Monday, September 04, 2006

October Nature Notes

Extracts from 'Wild Life in a Southern County' related to the orchards at Wick House [Jefferies' Farm].


"Be careful how you pick up a ripe apple, all glowing orange, from the grass in the orchard ; roll it over with your foot first, or you may chance to find that you have got a handful of wasps. They eat away the interior of the fruit, leaving little but the rind, and this very hollowness causes the rind to assume richer tints and a more tempting appearance. Speckled apples on the tree, whether pecked by a blackbird, eaten by wasps or ants, always ripen fastest, and if you do not mind cutting out that portion, are the best. Such a fallen apple, when hollowed out within, is a veritable torpedo if incautiously handled. Wasps are incurable drunkards. If they find something sweet and tempting they stick to it, and swill till they fall senseless to the ground. They are then most dangerous, because unseen and unheard ; and one may put one's hand on them in ignorance of their whereabouts.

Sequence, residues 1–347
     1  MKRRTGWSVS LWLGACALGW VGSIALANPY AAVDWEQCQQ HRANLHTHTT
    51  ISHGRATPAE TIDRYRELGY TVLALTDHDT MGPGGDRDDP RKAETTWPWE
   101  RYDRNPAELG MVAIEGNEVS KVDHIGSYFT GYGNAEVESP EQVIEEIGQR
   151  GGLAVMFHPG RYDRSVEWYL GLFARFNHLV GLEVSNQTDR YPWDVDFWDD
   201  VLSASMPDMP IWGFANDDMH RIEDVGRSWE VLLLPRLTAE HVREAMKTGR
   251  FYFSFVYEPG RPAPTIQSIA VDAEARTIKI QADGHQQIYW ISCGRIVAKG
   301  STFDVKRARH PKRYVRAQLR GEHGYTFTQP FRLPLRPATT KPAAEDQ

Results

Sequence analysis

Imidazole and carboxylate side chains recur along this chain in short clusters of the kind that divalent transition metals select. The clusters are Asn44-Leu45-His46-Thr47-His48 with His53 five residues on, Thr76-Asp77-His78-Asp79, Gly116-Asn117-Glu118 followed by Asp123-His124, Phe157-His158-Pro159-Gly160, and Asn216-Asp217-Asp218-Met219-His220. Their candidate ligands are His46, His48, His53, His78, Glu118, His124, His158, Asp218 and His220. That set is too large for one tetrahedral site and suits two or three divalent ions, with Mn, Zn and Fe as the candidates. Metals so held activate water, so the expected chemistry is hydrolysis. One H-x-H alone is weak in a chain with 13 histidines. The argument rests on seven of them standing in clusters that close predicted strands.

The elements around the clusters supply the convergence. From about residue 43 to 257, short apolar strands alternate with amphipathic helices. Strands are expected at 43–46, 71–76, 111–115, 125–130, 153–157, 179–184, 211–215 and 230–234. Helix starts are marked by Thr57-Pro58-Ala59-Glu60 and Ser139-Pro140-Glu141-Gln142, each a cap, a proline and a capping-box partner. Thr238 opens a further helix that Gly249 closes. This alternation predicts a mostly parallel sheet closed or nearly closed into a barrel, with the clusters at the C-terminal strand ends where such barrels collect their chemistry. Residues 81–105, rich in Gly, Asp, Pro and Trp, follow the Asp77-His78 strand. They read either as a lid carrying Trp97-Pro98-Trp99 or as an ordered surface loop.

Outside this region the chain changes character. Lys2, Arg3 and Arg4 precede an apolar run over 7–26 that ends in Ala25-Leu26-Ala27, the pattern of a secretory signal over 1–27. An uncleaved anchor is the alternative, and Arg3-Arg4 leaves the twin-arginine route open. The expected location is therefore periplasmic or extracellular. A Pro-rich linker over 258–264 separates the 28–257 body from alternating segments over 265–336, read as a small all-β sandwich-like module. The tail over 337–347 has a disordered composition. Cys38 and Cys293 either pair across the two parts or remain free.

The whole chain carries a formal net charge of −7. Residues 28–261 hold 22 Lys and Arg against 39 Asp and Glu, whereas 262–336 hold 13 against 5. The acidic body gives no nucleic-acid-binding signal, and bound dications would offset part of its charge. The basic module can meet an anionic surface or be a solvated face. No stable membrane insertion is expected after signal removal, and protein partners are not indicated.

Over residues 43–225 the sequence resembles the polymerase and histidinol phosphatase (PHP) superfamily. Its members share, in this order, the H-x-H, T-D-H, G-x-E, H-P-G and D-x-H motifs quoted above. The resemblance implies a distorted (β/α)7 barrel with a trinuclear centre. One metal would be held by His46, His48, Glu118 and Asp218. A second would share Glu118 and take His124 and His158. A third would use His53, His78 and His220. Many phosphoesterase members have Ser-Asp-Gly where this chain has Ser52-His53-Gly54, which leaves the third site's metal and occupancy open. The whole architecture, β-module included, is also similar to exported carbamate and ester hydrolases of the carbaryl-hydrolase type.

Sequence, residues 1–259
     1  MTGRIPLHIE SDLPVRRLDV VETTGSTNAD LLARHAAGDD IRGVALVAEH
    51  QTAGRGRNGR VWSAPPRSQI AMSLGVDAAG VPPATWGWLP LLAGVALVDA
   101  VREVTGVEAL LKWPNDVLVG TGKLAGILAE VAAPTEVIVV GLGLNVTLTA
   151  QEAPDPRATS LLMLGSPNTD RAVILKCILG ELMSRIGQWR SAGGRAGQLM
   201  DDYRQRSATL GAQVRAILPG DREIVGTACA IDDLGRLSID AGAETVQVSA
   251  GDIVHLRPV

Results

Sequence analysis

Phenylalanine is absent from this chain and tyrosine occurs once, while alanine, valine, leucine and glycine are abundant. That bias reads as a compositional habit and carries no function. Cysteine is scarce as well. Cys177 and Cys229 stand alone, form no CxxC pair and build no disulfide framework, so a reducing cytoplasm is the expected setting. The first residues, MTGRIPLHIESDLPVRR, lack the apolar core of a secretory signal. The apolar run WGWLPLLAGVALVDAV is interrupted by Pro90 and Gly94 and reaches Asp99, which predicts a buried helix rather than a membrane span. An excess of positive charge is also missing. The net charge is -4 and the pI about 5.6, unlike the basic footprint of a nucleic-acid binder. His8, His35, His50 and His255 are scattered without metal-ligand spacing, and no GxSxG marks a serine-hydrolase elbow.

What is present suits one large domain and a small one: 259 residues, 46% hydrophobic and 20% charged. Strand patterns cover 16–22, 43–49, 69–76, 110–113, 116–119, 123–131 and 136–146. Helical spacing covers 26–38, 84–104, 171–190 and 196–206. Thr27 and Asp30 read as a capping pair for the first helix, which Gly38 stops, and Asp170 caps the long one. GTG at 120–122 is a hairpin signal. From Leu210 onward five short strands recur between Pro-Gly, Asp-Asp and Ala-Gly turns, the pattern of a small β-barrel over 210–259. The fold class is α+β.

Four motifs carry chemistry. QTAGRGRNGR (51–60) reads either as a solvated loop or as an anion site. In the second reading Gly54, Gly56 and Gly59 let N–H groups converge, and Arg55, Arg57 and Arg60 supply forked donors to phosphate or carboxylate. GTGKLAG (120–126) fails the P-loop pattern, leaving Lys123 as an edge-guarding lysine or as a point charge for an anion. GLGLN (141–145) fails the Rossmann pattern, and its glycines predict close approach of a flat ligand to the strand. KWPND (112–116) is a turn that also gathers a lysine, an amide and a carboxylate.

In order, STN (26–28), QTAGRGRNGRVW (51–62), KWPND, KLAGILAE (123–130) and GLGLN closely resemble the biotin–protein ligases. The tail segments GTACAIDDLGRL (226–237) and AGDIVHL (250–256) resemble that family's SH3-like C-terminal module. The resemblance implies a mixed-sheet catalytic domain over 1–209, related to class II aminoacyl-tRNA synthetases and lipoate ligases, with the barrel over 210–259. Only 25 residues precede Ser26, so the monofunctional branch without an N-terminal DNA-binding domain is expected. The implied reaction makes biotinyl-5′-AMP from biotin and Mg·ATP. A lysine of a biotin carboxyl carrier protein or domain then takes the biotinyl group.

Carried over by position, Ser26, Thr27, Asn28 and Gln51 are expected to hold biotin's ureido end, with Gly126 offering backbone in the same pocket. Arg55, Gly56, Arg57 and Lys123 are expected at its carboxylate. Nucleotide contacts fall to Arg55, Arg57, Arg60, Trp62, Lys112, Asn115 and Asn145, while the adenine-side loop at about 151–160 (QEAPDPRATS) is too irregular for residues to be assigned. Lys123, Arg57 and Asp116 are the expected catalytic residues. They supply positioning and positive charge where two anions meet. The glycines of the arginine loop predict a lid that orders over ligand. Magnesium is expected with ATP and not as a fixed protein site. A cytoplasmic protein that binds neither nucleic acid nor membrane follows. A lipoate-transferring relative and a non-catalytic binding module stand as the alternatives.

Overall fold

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Dusky Blenheim oranges, with a gleam of gold under the rind ; a warmer tint of yellow on the pippins. Here streaks of red, here a tawny hue. Yonder a load of great russets; nearby heavy pears bending the strong branches; round black damsons; luscious egg-plums hanging their yellow ovals overhead; bullace, not yet ripe, but presently sweetly piquant. On the walnut trees bunches of round green balls-note those that show a dark spot or streak, and gently tap them with the tip of the tall slender pole placed there for the purpose. Down they come glancing from bough to bough, and, striking the hard turf, the thick green rind splits asunder, and the walnut itself rebounds upwards. Those who buy walnuts have no idea of the fine taste of the fruit thus gathered direct from the tree, when the kernel, though so curiously convoluted, slips its pale yellow skin easily and is so wondrously white. Surely it is an error to banish the orchard and the fruit-garden from the pleasure-grounds of modern houses, strictly relegating them to the rear, as if something to be ashamed of".

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